Patriots owner fighting prostitution charges

By Zachary Blackwell

Elm Staff Writer

The controversy that has surrounded New England Patriots owner Robert Kraft over allegedly soliciting prostitution has reached a climax.

Kraft, 77, was charged in February with two first-degree misdemeanor charges of soliciting prostitution at the Orchids of Asia Day Spa parlor in Jupiter, Florida, as part of a large-scale investigation covering alleged prostitution and human trafficking over several more parlors.

Kraft was previously suspected of human trafficking himself, but prosecutor Greg Kridos has reportedly stated that “there is no human trafficking that arises out of this investigation,” despite previous statements made by police and prosecutors, according to Business Insider. Police struggled to produce enough evidence to accuse Kraft of human trafficking, but Kraft is still being investigated for soliciting prostitution.

Prosecutors also attempted to make a deal with Kraft that would see both misdemeanor charges against him dropped if he admitted that he would have been found guilty of soliciting prostitution, as reported by the New York Times. He would have also been required to do community service, take a class on prostitution, get tested for sexually transmitted diseases, and pay a fine. After a series of negotiations, however, Kraft was found to be unwilling to admit any guilt, even though Jupiter police said Kraft paid for sexual services at the spa he attended.

Kraft’s lawyer, William Burck, is defending his client by discouraging the emergence of any evidence that may otherwise prove that Kraft is guilty. He has argued that Kraft’s “constitutional right to privacy” is more important than any “prurient interest” that the public has for seeing potential videos of Kraft receiving sexual services at the parlor, according to CNBC. Burck even went as far to compare the videos of Kraft to pornography. Burck also claims that media groups mainly desire “eyeballs and clicks,” which he perceives as the main force pushing for the video’s release to a wider audience.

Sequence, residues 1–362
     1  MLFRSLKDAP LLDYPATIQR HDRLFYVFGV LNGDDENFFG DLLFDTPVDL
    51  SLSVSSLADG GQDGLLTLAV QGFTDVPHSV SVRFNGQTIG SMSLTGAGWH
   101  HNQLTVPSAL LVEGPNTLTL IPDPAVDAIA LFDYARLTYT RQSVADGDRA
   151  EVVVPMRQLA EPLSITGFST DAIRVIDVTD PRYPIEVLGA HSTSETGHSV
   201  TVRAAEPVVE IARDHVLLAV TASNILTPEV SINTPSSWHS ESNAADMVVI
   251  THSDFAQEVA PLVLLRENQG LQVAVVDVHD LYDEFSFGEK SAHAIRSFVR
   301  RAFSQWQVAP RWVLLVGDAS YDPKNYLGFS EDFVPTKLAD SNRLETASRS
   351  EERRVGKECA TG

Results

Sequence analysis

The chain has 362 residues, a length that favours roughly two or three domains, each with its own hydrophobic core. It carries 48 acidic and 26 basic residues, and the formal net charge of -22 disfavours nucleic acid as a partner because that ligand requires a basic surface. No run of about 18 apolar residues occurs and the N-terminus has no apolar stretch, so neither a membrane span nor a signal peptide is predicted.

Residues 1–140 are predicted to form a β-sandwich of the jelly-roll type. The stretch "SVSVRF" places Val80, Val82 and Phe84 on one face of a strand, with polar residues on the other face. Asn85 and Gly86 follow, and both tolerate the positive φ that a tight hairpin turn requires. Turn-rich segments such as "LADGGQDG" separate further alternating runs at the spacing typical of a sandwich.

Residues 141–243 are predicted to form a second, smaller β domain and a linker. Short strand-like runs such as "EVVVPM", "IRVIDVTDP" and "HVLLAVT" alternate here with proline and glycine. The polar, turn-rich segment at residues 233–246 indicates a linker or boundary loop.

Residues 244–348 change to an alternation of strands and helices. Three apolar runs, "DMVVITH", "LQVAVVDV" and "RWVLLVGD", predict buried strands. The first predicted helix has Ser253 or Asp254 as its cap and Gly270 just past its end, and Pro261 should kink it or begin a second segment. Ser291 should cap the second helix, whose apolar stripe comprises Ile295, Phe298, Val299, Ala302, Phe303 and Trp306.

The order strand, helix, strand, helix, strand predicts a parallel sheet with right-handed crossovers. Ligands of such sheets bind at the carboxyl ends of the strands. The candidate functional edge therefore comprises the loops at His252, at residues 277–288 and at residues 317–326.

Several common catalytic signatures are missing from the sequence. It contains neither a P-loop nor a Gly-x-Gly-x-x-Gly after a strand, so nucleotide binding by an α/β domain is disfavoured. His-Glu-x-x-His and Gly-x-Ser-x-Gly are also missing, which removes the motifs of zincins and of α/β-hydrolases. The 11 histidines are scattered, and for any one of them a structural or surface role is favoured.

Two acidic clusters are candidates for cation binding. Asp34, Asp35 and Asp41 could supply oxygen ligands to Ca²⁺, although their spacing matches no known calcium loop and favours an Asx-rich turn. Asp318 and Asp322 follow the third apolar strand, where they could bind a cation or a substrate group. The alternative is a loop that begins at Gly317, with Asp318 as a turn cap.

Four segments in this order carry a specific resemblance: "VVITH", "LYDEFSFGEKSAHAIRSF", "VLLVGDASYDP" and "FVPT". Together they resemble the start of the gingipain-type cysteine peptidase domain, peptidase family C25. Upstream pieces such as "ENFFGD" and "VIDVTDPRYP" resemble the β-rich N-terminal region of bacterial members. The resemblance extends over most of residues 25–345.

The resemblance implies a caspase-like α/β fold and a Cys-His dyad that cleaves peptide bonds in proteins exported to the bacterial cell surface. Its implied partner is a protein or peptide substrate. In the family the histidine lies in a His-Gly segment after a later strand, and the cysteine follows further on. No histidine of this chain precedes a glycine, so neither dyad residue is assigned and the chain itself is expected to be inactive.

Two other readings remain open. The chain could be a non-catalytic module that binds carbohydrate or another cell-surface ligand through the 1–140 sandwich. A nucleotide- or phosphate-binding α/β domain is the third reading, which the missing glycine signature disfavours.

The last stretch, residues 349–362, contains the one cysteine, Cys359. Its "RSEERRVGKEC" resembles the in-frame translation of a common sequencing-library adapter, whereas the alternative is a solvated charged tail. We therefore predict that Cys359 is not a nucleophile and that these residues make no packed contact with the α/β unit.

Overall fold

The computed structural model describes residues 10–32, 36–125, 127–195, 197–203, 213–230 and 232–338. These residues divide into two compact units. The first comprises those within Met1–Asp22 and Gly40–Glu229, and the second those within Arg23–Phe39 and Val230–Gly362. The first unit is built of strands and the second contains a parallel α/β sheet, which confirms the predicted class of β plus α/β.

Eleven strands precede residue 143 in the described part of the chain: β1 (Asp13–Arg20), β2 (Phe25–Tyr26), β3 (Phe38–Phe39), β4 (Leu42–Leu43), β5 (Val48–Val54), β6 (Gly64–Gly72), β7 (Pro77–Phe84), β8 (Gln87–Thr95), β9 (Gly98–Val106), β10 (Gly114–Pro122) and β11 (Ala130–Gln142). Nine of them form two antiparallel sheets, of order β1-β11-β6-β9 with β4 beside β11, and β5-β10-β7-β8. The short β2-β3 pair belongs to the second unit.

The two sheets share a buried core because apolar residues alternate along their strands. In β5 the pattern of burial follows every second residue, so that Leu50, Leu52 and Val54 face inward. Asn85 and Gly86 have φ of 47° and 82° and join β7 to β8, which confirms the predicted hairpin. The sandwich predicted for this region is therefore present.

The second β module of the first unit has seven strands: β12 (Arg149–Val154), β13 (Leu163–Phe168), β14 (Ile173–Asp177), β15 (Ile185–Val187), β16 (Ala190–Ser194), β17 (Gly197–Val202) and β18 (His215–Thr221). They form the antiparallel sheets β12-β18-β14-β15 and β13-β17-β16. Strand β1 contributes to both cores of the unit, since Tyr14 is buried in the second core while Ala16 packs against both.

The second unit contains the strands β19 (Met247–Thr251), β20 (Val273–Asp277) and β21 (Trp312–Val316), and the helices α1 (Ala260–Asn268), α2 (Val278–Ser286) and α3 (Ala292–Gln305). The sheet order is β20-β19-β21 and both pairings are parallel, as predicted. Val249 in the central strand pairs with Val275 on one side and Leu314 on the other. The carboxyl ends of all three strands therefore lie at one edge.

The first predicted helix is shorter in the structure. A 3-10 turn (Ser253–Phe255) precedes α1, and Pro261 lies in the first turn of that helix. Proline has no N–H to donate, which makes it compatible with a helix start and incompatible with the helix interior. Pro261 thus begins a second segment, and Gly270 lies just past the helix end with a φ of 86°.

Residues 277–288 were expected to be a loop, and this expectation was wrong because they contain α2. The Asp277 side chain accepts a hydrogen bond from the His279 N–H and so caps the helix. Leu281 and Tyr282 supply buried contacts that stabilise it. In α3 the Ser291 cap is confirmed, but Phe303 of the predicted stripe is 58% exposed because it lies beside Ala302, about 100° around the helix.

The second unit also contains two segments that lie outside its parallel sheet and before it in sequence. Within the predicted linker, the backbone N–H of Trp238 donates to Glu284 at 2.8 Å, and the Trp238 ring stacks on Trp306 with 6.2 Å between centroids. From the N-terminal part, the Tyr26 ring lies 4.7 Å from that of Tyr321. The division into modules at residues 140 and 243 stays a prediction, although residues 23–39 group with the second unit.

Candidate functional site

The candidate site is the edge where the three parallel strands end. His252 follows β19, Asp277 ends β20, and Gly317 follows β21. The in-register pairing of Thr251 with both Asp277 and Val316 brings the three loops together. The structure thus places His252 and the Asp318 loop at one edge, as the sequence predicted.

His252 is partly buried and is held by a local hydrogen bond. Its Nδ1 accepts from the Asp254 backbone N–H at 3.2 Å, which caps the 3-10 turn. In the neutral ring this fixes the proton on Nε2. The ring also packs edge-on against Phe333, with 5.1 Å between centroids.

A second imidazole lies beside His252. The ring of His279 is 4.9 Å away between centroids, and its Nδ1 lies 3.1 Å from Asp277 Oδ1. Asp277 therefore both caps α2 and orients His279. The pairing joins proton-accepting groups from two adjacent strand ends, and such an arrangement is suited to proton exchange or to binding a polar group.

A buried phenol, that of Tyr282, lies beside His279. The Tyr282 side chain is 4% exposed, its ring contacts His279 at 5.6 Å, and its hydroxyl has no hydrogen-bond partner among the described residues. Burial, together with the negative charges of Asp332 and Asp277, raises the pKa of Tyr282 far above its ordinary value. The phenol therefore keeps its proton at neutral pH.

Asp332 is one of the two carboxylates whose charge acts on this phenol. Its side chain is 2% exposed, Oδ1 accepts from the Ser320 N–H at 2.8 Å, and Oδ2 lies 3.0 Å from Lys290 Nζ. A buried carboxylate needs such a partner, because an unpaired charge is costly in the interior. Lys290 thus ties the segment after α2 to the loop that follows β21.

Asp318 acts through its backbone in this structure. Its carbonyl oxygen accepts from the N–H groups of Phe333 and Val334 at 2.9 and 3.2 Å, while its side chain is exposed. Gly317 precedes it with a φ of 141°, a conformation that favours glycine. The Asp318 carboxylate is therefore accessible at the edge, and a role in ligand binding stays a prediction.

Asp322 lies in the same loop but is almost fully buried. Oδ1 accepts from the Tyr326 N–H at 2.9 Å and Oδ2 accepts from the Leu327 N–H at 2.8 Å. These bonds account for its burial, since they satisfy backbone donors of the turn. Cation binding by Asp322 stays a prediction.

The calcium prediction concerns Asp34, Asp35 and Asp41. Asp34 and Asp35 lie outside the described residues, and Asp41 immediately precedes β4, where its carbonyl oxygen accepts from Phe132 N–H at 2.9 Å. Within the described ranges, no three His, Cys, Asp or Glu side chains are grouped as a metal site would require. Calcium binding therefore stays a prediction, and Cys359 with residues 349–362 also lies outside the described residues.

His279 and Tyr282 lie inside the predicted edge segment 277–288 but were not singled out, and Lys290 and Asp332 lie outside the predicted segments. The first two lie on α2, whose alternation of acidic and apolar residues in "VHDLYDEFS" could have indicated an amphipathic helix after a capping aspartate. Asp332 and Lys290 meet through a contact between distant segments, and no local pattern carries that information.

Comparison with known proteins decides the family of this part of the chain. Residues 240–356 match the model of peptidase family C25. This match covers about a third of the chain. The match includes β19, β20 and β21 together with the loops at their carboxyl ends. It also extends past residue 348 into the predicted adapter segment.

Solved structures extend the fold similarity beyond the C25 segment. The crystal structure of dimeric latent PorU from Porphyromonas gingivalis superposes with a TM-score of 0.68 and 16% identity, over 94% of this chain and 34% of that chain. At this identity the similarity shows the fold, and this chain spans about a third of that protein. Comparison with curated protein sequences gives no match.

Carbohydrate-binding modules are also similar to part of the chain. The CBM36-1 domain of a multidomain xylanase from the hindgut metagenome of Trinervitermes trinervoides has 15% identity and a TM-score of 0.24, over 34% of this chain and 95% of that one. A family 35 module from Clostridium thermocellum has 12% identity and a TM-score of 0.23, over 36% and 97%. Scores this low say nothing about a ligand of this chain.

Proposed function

Burck has stressed that releasing the videos of Kraft into the public eye would be very harmful, and that obtaining them violated the Fourth Amendment, implying that the local police unreasonably searched the parlor and seized the videos in question.

However, Florida’s public records law allows the release of governmental records and evidence, including videos, and some media lawyers have argued that the law would be violated by carving out an exception for Kraft’s videos.

Maintaining the Fourth Amendment rights of the accused is important to ensure due process and a fair trial. However, what Kraft is being accused of does not affect him and his life alone. It also will affect the sex workers, the spa parlor, and the lives of many of the others accused of soliciting prostitution. Kraft should consider the cost of telling the truth now versus the pain that would likely result from dragging the case out, if he is indeed guilty of soliciting prostitution.

It may also be true that the news media wants to see the video to generate clicks and attention, as Kraft’s lawyer has been saying. The media inevitably benefits from this case, as it involves a high-profile, influential businessman allegedly being involved with some heinous crimes. In fact, it’s fair to say the coverage of this situation has already received plenty of attention. If Kraft would like the attention to die down somewhat, and if he is guilty, then he should let the police do their job and release the tapes. At this rate, the release of the videos seems inevitable.

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